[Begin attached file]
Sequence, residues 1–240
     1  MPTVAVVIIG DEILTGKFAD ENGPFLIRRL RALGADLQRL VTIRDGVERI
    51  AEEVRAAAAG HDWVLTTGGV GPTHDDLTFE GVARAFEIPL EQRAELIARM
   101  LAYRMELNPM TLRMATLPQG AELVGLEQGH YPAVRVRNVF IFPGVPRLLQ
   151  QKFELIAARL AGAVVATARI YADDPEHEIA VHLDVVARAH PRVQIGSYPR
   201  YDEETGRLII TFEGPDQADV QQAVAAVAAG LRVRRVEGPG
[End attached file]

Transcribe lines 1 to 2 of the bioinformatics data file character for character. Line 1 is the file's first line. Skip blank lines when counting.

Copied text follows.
Sequence, residues 1–240
     1  MPTVAVVIIG DEILTGKFAD ENGPFLIRRL RALGADLQRL VTIRDGVERI